Judy’s International, Kosher on Wheels, Kosher Club, La Gondola, Milk N’ Honey, Nazdar Supply, Pico Glatt Mart and Trader Joe’s all offered support for the event. The Federation will offer a matching grant, doubling the $10,000 raised by the event.

“I wasn’t expecting a whole lot,” said Diana Fiedotin, “Lifeline to Argentina” project director. “It was much bigger and much better than we expected. It was a wide age range as well. It was a tremendous success.”

Medical Mission

Dr. Lawrence Libuser of Marina del Rey was among a group of doctors and volunteer medical personnel sent on a mission to aid refugees in Ghana. The United Nations-run refugee camp has over 50,000 people, most natives of Liberia.

The medical envoy will treat as many of these refugees as possible during the summer mission.

A Syn’s Big Win

Shomrei Torah Synagogue of West Hills won the United Synagogue of Conservative Judaism’s (USCJ) Solomon Schecter Award for Excellence. The award will be presented at a USCJ convention to be held in Dallas in October.

Love, American Technion STYLE

A total of 44 American Technion Society supporters took part in the organization’s annual mission to Israel. Among the participants pledging a total of $6 million to the Technion-Israel Institute of Technology at its Mount Carmel campus in Haifa: Inga Behr of Pasadena, Rodica and Paul Burg of Palos Verdes Estates, Chuck Levin of Beverly Hills, and Sherry Altura and Rita and Steve Emerson of Los Angeles.

The medical envoy will treat as many of these refugees as possible during their summer mission.

Simcha’s Simcha

Rabbi J. Simcha Cohen has been appointed vice chancellor of the Ariel Israel Institutes. Cohen is a former president of The Southern California Board of Rabbis and a former vice president of The Jewish Federation of Greater Los Angeles.

Wise Guys

Youth volunteers from the Stephen S. Wise Temple Summer Camps volunteer at the Union Rescue Mission. (From left) Lily Tash, Loren Berman and Alex Alpert.

Bank’s Boost

(From left) Dan Meiri, regional director of Bank Leumi USA-California, celebrates with Bank Leumi supporters Jan Czuker and Max Webb the American subsidiary’s second quarter upswing — a yield of $9.5 million in net income; an increase of 2.2 percent from 2002’s second quarter.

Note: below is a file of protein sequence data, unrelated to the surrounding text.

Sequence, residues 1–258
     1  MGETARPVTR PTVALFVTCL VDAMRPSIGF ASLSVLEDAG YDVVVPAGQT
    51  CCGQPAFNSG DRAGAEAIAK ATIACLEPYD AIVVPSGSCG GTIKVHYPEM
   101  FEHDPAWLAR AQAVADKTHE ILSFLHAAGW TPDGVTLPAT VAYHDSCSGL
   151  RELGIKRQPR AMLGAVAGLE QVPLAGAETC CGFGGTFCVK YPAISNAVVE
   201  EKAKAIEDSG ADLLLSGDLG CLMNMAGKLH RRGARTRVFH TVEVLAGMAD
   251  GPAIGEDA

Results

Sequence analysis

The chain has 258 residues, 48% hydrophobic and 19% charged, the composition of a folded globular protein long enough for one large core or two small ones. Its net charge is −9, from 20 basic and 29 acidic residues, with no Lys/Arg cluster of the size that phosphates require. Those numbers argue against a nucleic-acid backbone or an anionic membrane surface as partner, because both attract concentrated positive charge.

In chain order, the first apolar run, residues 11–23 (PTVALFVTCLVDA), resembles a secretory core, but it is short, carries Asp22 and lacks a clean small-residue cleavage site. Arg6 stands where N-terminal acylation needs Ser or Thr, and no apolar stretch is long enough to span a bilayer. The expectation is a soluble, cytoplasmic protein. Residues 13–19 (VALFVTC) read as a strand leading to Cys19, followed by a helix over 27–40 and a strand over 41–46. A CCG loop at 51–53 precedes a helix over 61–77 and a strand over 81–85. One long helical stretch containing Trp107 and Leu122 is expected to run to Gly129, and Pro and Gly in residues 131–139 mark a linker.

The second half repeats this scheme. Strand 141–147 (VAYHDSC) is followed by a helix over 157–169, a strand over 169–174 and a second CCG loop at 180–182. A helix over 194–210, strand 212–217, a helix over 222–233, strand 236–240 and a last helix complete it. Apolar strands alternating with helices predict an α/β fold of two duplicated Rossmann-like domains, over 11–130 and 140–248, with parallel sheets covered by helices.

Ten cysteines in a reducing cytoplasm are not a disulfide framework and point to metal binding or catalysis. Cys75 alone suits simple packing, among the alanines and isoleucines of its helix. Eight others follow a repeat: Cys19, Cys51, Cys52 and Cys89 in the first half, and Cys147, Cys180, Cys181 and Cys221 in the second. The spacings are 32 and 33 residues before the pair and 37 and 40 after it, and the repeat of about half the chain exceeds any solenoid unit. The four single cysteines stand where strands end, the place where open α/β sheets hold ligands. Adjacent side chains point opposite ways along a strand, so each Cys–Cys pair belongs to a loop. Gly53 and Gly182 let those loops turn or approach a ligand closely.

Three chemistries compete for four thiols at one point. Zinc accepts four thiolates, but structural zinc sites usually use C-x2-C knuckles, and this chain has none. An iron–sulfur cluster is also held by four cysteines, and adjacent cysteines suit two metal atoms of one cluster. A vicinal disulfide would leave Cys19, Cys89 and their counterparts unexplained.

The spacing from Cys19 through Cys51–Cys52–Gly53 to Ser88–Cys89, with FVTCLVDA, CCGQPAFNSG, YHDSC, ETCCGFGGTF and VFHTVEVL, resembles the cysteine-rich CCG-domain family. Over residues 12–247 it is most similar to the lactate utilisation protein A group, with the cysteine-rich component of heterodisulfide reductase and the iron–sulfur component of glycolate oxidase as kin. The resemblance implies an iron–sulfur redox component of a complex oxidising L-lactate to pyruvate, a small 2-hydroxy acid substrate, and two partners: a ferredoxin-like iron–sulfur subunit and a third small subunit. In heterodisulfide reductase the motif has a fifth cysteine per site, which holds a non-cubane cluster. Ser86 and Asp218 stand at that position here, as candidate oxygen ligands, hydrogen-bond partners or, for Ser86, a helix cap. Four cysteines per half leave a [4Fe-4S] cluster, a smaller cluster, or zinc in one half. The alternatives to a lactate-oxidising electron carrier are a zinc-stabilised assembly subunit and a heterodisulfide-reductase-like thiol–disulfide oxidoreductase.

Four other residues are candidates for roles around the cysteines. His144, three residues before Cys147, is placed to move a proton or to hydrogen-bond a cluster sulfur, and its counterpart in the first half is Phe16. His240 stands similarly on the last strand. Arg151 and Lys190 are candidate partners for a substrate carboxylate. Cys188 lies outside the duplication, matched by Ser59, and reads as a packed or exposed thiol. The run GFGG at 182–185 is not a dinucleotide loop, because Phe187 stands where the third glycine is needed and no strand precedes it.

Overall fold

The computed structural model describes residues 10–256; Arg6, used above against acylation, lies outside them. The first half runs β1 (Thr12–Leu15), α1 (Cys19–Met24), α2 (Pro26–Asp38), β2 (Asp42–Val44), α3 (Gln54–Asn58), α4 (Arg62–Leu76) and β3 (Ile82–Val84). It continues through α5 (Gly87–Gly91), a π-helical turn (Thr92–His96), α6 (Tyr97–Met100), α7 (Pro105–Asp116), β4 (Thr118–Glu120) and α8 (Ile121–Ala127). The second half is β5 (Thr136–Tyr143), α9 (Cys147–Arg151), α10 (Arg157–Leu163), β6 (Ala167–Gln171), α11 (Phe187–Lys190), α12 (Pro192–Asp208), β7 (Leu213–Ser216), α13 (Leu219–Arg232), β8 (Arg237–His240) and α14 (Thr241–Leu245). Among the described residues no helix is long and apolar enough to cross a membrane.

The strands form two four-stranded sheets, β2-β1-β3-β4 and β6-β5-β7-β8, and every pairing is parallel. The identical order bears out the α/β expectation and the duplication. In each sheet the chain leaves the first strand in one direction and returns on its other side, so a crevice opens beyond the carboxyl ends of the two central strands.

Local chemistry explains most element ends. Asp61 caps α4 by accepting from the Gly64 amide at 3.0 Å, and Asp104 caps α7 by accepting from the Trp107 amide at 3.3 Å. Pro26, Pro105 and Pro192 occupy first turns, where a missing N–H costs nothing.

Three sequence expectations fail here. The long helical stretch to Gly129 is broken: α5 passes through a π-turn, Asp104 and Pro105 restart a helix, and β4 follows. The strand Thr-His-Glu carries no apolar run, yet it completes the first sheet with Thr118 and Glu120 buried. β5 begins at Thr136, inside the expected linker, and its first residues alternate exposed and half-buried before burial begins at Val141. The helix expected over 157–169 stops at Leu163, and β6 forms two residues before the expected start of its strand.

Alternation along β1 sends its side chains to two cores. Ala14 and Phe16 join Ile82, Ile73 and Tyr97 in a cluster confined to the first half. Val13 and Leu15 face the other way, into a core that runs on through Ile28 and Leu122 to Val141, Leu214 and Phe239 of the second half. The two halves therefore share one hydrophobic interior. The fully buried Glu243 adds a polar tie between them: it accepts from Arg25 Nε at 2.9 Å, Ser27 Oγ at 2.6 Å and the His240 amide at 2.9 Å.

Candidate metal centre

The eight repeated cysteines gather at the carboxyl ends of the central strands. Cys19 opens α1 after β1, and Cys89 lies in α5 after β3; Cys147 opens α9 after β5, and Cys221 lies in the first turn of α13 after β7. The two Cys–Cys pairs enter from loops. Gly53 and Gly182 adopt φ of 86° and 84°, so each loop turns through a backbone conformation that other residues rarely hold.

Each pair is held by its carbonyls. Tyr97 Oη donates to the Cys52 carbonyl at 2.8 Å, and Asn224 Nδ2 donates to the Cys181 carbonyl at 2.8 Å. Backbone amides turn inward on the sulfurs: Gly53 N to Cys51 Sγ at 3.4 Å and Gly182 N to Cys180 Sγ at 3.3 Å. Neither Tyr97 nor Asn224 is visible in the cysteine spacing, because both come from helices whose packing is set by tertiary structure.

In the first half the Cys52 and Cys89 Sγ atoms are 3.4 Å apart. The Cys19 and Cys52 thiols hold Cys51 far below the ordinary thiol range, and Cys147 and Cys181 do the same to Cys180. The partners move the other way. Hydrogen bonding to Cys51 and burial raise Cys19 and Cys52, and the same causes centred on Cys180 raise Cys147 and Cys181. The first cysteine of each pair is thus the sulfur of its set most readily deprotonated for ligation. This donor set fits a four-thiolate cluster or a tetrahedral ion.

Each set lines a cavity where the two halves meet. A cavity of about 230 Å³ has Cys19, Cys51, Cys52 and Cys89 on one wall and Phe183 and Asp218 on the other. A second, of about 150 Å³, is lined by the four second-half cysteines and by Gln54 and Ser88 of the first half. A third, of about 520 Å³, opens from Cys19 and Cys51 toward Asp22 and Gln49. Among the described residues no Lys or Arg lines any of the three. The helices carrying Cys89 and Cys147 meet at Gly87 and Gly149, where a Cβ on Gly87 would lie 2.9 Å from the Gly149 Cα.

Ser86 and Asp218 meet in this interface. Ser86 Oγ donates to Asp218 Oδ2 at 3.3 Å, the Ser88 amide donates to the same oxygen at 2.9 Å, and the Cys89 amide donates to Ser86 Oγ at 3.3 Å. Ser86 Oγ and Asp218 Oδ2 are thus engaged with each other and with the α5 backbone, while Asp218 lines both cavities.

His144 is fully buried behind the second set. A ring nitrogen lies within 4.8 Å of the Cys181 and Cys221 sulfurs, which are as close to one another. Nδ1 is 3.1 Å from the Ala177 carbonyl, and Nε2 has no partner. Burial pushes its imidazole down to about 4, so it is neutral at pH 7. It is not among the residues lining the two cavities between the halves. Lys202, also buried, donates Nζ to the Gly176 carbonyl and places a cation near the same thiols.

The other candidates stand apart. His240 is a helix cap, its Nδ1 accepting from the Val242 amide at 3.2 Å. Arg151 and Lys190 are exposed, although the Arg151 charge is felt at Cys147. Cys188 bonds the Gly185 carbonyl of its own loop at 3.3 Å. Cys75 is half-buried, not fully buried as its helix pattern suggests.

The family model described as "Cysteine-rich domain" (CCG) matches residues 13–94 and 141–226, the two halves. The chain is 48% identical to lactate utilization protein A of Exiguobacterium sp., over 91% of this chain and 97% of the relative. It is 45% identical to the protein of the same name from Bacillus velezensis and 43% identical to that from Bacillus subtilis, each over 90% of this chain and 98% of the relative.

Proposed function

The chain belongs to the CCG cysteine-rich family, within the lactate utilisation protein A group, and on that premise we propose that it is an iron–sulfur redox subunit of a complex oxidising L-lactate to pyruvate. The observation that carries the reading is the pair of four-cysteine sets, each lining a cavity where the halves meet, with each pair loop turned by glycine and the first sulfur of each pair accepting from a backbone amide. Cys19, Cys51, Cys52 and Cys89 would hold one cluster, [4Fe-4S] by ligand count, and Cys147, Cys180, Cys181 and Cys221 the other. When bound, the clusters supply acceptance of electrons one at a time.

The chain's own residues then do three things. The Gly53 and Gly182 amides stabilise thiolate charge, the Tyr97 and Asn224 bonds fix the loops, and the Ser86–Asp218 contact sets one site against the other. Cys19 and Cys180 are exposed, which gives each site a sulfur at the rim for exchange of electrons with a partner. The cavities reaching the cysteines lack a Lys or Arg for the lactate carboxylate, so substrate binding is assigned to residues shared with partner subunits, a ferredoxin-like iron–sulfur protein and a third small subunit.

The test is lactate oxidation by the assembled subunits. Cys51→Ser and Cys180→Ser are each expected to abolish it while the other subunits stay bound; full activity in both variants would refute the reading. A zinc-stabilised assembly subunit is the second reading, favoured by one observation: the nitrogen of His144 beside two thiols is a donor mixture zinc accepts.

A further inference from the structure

Flag Day Fete

Hillside Memorial Park and Mortuary dedicated a monument with Jewish War Veterans (JWV) in honor of Flag Day. (From left) Jerry King, color guard; Ralph Leventhal, past JWV department commander; Lt. Col. Rabbi Alan Lachtman of Temple Beth Torah of Temple City; Steve Rosmarin, past California JWV commander; Mark Freidman, CEO of Hillside Memorial Park and Mortuary; California JWV Commander Odas Flake; and Mel Margolis, color guard.

Musical Chairs

(From left) At the Music Center Fraternity of Friends annual dinner are immediate past fraternity president Dennis Beck, former president Fred Roberts and Tom Weinberger, current president and newly appointed Music Center board member.

Brindell Gottlieb of Bel Air and Tom Weinberger of Brentwood are among the newly appointed Music Center Board members.


Donors Gary Winnick, far left, and Karen Winnick congratulate the first researchers to receive the Winnick Family Clinical Scholar title at the naming of the Winnick Family Clinical Research Center at Cedars-Sinai Medical Center. The researchers are Dr. Daniel Cohn, second from left, an expert in the genetic causes of dwarfism, bone development and short stature, and kidney transplant program director Dr. Stanley Jordan. The third Winnick Clinical Scholar, human autoimmune disease specialist Dr. Sandra McLachlan is not shown. The Winnick Family Clinical Research Center at Cedars-Sinai is primarily engaged in translating human genome research into treatment for a gamut of diseases, including cancer and heart disease.

Photo by Thomas Neerken